How watching others eat junk food can cut our appetite and help us lose weight
One evening, at home. You're sat comfortably on the sofa, watching your favorite TV show. An ad comes up, showing a scrumptious burger in its full glory. The camera zooms into each ingredient: the crisp salad; the tender meat; the rich, creamy sauce; the crunchy French fries, and one person enjoying this delightful flavor range. You think to yourself that your diet is about to take a hit. But we beg to differ.
In a series of studies published in the Journal of Public Policy & Marketing, we found advertisements showing people eating junk food prompted people on a diet to eat less. While this may seem counterintuitive, these findings are in line with previous research on mental imagery. Recent studies show merely imagining ourselves carrying out actions or experiencing emotions activates similar neural networks to those linked with their actual performance or experience.
What happens when we imagine ourselves eating?
The images we are exposed to throughout our lives hold the power to shape our experiences to a remarkable degree. According to neuroimage studies, the mere sight of someone being hit by a hammer will fire up the neural networks in our brain that are associated with pain. As a result, these images will trigger emotions and behavior consistent with feelings of pain.
Such effects also extend to food consumption. The field of consumption imagery refers to rich images of food consumption—for example, an ad showing the close-up of a pizza and someone eating it. Some studies have even indicated consumption imagery could cause people to wrongly recall having eaten the food on display.
Why is this important? This is important because simply thinking that we have eaten something can make us feel full. In 2010, researchers asked people to picture themselves eating either three or 30 M&M's chocolates. They then handed them a bowl of sweets to eat. People who had imagined themselves eating 30 of the button-shaped chocolates ended up feeling satiated and ate fewer sweets compared to those who imagined eating only 3. With our research, we decided to take this question to the next level and test if the effect holds when people see someone else eating in an ad.
If you are dieting, seeing someone eating makes you eat less
We invited 132 dieting students at our lab at the Grenoble Ecole de Management to watch an ad. Half of them saw an M&M's advertisement brimming with consumption imagery: sweets, colors, and a person eating them. The other half of the students saw an ad with two animated M&M's at a supermarket till, devoid of consumption imagery. We then gave each student a 70g cup of M&M's and asked them to eat to their heart's content. Among the students, those who saw the M&M's advertisement containing consumption imagery ate fewer sweets than those who saw the ad without.
We followed up this study with another one where 130 students saw an advertisement for a hamburger. Out of the volunteer pool, half were asked to visualize themselves eating the hamburger, and the other half were asked to imagine filming it. Students then received a silver bag of chocolate-coated biscuits sticks to eat. Those who watched the ad and imagined eating the hamburger ate fewer chocolate-coated biscuits than those who only imagined filming it.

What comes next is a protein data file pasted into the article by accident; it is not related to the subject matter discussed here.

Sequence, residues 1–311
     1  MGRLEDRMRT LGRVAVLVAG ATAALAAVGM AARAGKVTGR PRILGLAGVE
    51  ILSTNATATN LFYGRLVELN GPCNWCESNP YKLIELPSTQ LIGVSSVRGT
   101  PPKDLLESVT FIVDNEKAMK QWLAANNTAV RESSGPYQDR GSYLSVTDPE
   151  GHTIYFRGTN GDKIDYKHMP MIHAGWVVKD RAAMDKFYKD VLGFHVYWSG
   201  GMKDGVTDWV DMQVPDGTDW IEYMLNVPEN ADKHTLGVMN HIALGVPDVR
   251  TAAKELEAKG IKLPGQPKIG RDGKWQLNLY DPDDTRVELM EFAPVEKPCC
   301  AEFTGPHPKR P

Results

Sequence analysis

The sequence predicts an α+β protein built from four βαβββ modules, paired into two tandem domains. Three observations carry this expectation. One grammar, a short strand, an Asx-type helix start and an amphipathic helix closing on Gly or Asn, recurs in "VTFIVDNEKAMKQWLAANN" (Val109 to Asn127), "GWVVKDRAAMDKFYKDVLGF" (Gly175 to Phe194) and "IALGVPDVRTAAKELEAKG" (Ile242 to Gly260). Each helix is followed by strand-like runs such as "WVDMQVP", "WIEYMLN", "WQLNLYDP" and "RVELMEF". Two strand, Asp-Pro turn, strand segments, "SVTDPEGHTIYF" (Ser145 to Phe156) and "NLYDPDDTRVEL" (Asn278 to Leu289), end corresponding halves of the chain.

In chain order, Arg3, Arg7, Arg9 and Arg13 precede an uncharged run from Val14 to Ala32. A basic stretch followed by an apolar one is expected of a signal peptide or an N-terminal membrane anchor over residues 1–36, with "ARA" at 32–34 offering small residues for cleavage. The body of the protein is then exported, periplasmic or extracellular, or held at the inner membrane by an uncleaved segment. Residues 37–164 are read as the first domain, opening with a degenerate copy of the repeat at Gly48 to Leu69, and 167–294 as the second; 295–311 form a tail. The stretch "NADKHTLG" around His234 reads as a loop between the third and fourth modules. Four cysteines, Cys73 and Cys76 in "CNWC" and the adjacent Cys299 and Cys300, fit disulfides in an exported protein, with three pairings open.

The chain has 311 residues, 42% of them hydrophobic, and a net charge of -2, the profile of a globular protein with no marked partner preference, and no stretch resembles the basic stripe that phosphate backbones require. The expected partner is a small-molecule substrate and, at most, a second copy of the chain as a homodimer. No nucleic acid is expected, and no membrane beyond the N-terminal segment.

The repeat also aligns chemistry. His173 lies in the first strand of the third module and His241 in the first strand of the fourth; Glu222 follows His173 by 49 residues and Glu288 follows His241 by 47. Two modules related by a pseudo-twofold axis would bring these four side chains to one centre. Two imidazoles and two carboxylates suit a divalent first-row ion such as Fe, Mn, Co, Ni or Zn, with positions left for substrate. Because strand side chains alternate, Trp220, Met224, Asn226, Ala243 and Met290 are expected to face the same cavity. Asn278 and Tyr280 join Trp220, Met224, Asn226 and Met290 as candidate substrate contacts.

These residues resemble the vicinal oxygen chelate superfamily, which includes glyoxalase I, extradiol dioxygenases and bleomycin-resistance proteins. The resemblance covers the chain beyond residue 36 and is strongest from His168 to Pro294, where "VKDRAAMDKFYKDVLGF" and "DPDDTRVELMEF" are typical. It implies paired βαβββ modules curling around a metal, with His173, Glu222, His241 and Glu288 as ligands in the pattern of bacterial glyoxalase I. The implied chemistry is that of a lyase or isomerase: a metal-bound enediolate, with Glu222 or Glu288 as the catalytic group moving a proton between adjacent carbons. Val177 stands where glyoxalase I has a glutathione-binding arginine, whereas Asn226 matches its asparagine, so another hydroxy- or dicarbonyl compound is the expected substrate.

Both studies are proof that the mere sight of someone eating junk food or of junk food alone is enough to put dieters off it, at least for a time.
How can dieting campaigns help you eat less?
In the next study, we tested whether we could use these findings to promote healthy eating. We predicted that healthy eating promotion campaigns heavy on unhealthy consumption imagery would have a stronger effect on dieters. We designed four ads to incentivise healthy eating:
In total, 594 American adults were recruited to participate in our online study. Each participant was randomly selected to view one of the four ads. We then asked them to "imagine that you are about to have a snack and you open a bag of chips. There are 20 chips in the bag. How many potato chips would you eat RIGHT NOW?"
People who viewed the campaign requiring them to imagine themselves wolfing down the French fries indicated a desire to eat fewer chips than those who were exposed to the French fries campaign without consumption imagery. Those who had imagined themselves eating an apple were more inclined to succumb to the potato chips than those who had visualized themselves eating the French fries.
These results go against the grain of current public policy practices that aim to promote healthy eating by relying on images of nutritious foods. However, our research indicates that healthy eating campaigns should include and portray the consumption of unhealthy food. Indeed, dieters imagining themselves eating junk food consciously associate it with a failure to reach their weight loss goals.
What is the takeaway for you?
Today people prioritize their health and well-being more and more. If you are one of the many who set dieting and healthier eating as their number 1 resolution for 2023, our tip to you is that you resist the urge to cover your eyes when seemingly tempting ads pop up. Instead, engage with them fully, imagining your lips reaching out to the prohibited food. As science would have it, this might just cut down your unhealthy eating habits.
More information: Mia M. Birau et al, How Communications That Portray Unhealthy Food Consumption Reduce Food Intake Among Dieters, Journal of Public Policy & Marketing (2021). DOI: 10.1177/07439156211019035